Medical Research Council - London Institute of Medical Sciences

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Ramping Up Repair
02 June 2014

Ramping Up Repair

Some people’s wounds simply do not heal. The use of undifferentiated cells, or stem cells, from the umbilical cord could promote healing in these individuals. Injured mice treated with stem cells show an improvement in wound healing rates. Mice not treated with stem cells showed fewer cells moving into the wounded area, a typical repair mechanism; this is seen in the bottom image that displays a greater proportion of ‘old’ red cells. Stem-cell-treated mice also exhibited better organisation of the new cells as they migrated to the wounded area, as can be seen in the more colourful top image. Taken together, these findings seem to suggest that stem cells work by improving cell-to-cell communication and promoting cellular growth. This effect has yet to be observed in humans but if it’s successfully reproduced, it could result in a clinically valuable treatment for those inflicted with such debilitating injuries.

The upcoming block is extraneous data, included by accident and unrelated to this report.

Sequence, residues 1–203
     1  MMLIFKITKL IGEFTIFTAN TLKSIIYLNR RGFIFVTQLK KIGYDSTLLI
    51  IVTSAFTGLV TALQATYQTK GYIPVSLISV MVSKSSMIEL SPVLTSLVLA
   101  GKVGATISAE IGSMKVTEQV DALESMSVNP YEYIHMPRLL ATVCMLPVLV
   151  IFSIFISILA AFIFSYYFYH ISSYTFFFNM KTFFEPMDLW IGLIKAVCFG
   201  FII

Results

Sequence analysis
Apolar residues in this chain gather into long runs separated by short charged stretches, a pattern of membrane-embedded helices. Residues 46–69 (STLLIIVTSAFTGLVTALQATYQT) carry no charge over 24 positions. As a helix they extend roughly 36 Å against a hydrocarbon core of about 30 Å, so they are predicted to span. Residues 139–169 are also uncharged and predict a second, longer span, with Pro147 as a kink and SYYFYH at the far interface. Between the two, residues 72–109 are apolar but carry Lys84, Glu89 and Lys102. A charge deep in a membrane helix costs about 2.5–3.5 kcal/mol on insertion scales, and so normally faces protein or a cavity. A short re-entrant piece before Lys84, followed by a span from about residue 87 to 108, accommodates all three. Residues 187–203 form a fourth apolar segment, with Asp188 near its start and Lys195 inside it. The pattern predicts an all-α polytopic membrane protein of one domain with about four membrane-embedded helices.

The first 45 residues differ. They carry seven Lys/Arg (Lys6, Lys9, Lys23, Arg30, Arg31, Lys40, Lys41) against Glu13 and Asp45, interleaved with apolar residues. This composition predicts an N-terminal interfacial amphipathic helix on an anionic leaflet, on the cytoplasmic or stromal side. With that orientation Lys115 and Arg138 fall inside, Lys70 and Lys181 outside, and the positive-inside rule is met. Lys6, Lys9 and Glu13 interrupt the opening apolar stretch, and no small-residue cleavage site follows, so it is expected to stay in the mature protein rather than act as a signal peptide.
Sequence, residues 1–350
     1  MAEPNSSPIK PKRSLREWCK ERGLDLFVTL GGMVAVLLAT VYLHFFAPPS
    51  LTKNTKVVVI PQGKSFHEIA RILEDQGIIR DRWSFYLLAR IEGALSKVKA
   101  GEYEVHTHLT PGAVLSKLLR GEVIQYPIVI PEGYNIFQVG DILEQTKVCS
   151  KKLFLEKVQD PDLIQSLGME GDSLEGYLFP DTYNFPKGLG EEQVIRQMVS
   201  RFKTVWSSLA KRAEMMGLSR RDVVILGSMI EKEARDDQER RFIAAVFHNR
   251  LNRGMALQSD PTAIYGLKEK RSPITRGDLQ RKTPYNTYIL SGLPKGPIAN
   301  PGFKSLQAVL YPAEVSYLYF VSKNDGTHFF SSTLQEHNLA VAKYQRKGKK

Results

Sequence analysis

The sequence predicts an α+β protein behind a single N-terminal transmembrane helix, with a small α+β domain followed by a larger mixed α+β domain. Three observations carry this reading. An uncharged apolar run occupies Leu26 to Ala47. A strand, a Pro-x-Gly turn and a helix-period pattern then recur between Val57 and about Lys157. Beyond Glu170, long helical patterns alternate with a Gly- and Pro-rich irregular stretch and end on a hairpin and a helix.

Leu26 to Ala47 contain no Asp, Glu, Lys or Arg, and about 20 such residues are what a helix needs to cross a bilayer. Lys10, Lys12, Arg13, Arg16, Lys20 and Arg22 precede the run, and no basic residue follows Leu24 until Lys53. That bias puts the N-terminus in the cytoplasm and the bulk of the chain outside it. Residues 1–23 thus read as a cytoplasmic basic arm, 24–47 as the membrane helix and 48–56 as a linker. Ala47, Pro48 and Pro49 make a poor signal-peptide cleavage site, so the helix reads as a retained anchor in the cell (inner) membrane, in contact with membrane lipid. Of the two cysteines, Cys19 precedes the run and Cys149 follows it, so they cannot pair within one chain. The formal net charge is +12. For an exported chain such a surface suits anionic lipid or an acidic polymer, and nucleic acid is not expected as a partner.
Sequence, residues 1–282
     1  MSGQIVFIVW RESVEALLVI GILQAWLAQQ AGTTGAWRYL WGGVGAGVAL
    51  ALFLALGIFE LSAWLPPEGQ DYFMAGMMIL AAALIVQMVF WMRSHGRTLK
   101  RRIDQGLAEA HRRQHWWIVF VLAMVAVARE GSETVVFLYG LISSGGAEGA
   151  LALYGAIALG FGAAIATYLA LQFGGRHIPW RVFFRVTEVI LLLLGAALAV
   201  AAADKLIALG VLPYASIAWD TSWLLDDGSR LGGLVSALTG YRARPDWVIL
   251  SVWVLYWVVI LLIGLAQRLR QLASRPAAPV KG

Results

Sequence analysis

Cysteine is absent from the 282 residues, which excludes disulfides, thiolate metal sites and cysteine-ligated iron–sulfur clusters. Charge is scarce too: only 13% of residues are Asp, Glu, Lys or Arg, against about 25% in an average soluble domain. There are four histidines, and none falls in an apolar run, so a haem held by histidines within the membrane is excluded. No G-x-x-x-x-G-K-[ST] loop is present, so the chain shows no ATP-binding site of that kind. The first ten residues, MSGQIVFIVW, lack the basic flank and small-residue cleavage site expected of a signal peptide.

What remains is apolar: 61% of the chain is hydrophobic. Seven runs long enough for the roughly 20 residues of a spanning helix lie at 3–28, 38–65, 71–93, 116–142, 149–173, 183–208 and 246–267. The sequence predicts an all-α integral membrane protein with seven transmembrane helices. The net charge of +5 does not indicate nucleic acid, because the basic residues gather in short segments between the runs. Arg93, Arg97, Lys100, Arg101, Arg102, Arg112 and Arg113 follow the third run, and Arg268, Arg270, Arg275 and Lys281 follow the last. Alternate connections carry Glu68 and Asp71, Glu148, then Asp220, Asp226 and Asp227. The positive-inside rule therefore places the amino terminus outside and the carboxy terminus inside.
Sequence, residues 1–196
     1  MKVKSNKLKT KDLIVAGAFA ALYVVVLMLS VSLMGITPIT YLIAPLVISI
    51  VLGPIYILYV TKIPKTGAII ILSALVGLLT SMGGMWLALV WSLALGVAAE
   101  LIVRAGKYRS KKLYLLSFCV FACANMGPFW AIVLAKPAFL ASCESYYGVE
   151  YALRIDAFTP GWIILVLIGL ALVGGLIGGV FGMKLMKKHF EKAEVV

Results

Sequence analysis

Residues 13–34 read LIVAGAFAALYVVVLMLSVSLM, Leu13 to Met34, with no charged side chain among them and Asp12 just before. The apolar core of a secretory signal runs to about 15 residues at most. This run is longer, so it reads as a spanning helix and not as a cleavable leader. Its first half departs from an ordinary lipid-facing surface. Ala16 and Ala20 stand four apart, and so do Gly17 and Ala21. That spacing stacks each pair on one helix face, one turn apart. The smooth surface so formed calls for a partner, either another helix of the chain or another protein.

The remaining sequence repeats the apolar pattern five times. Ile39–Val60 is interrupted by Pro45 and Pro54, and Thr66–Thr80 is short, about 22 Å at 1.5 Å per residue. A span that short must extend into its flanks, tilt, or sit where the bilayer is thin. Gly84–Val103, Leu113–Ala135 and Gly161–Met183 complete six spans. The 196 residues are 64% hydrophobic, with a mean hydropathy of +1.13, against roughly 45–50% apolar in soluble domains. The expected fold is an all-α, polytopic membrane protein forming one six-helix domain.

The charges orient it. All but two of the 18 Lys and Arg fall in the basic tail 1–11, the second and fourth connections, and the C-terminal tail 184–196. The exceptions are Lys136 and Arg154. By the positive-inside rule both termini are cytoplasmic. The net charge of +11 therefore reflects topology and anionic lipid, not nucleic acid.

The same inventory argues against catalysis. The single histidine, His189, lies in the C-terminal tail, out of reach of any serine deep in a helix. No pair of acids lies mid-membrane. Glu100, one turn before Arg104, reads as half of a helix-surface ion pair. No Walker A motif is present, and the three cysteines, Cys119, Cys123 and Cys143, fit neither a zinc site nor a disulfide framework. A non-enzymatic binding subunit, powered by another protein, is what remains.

Written by Cara Foley

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